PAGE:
One of the most popular items on this blog is an old post about Internet statistics as related to online advertising. However, I am sure people are looking for more up to date stats than from January 2008 so I present Google’s curated collection of Internet statistics.
You can choose from the following categories and sub-categories:
- Macro Economic Trends
- Rest of the World
- Consumer Trends
- Media Consumption
- Changes in Media Usage
- Demographic Usage
- Media Consumption Stats
- Media Multi-tasking
- Personalised Media Experiences
- Media Landscape
- All Media
While the site is hosted off of the Google.co.uk (another triumph for Britain vs. the rest of the world!) there are global statistics and research. I particularly like the “random statistic” button, which retains Google’s sense of playfulness in a sea of data.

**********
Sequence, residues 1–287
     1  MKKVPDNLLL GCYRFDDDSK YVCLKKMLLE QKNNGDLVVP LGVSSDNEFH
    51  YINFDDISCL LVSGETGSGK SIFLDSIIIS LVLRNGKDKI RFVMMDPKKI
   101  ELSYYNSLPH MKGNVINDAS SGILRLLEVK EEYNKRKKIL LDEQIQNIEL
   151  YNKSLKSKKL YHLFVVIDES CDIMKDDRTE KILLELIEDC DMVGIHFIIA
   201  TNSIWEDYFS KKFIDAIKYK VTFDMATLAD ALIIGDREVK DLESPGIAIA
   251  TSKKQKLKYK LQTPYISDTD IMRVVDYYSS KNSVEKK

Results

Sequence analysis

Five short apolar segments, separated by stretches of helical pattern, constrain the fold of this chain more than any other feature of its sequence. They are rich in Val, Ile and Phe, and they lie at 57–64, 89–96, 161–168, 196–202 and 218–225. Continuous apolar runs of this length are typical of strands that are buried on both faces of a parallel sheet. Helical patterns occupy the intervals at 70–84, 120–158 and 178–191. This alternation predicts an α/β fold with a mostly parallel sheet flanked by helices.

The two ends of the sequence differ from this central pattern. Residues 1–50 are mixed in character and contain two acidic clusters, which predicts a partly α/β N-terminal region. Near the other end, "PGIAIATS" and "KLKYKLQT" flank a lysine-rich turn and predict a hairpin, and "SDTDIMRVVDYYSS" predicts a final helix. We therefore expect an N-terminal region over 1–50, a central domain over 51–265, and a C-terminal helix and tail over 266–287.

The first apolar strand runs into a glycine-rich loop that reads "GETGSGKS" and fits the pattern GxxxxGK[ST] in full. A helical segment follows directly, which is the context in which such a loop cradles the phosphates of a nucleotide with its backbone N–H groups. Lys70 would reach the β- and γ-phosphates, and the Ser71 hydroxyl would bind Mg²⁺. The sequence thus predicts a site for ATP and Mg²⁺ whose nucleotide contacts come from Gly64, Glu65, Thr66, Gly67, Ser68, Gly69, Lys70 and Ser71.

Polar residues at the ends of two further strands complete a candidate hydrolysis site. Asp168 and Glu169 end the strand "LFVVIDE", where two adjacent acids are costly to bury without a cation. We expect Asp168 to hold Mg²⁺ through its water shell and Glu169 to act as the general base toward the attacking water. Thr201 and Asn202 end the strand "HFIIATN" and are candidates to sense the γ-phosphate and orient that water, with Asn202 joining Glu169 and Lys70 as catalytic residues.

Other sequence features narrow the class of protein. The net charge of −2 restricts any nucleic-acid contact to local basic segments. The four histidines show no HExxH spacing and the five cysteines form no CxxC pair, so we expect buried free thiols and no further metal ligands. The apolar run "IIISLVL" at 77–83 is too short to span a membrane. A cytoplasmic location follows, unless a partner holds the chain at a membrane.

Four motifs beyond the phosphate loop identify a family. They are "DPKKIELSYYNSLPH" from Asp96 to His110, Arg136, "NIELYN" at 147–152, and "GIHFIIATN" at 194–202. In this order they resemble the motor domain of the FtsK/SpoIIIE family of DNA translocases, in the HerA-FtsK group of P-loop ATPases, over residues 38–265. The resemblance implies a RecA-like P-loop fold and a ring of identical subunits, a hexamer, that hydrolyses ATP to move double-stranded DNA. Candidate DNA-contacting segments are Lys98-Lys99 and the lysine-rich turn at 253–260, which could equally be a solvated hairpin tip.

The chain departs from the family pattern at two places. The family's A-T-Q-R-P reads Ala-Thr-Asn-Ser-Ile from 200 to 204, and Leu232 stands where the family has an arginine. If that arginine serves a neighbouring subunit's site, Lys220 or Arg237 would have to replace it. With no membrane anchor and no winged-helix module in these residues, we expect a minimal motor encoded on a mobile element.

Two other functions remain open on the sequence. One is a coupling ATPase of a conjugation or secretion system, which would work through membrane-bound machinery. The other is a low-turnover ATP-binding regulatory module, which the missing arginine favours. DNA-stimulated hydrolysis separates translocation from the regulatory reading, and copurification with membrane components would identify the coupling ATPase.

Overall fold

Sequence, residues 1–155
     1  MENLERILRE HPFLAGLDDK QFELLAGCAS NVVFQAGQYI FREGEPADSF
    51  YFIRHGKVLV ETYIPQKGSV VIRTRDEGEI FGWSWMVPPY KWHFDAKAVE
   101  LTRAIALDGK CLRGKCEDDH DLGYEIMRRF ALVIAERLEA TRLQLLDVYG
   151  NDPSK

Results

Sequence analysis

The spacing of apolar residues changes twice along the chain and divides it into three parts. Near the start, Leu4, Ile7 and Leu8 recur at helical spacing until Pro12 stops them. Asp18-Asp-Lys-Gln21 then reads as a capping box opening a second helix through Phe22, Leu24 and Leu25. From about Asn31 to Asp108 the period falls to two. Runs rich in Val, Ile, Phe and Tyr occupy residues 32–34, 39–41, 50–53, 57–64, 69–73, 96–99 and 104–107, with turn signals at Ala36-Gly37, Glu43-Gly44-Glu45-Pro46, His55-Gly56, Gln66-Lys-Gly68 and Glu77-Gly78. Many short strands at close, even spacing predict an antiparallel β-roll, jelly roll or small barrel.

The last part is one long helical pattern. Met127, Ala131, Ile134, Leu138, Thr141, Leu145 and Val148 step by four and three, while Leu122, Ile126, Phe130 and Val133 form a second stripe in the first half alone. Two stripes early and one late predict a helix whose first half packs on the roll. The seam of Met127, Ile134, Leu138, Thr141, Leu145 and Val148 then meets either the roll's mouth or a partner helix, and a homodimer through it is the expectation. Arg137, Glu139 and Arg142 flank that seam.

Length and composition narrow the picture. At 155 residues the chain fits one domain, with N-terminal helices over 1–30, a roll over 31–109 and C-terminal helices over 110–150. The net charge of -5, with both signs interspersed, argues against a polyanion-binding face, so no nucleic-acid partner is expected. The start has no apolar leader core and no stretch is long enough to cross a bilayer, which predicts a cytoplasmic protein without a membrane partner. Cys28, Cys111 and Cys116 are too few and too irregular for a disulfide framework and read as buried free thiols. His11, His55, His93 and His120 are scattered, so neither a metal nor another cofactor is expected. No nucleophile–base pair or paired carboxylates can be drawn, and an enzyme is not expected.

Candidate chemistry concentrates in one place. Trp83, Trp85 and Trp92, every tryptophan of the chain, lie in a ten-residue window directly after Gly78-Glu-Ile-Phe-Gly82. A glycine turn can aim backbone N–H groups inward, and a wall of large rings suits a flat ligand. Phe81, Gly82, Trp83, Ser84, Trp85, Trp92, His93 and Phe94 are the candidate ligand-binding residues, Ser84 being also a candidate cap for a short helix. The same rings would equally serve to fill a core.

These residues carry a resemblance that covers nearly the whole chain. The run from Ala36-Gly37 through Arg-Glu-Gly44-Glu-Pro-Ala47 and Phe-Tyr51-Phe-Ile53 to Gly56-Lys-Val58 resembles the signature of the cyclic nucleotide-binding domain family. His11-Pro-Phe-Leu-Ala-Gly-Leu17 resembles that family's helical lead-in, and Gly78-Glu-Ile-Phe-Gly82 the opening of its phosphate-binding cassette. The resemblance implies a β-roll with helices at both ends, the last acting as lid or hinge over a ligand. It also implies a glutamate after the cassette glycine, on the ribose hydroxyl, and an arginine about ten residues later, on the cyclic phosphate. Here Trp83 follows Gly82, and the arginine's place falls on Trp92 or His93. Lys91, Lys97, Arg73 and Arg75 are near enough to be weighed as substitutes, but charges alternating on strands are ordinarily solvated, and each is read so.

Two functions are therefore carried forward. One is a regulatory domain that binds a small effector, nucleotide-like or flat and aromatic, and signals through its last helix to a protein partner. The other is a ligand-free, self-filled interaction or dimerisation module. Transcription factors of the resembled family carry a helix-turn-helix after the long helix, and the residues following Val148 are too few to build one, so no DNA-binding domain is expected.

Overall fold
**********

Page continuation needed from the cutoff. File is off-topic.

For instance, did you know that:
YouTube Ad Impressions multiply the impact of TV- lifting recall and attribution up to 15% higher than TV alone. Motorola (with Mindshare) and GM, partnered with YouTube, December 2008
Clearly Google owns YouTube and Mindshare is a media buying agency (who we work with on integrated accounts here at Veritas/com.motion) so there is a…small conflict of interests but it is pretty interesting none-the-less. I also found this factoid fascinating:
People aged 12-24 (in the UK presumably) are notching up 23 cumulative hours a day, engaged in up to five activities simultaneously. NMA, April 2009
I would love to see Google link to the primary research so us users could do a bit of a deeper dive and analysis of the data before accepting the conclusions on face value but it is still interesting stuff to use, especially when planning a campaign or convincing a client that online and/or social media represents the best bang for their buck. Check it out and bookmark it yourself.
Hat tip for this little tool goes to Steve Rubel.
PS my curiousity always loves seeing the popular tags on delicious used to bookmark pages. Tags used for the Google Internet Statistics library are (so far): statistics google data trends research demographics planning future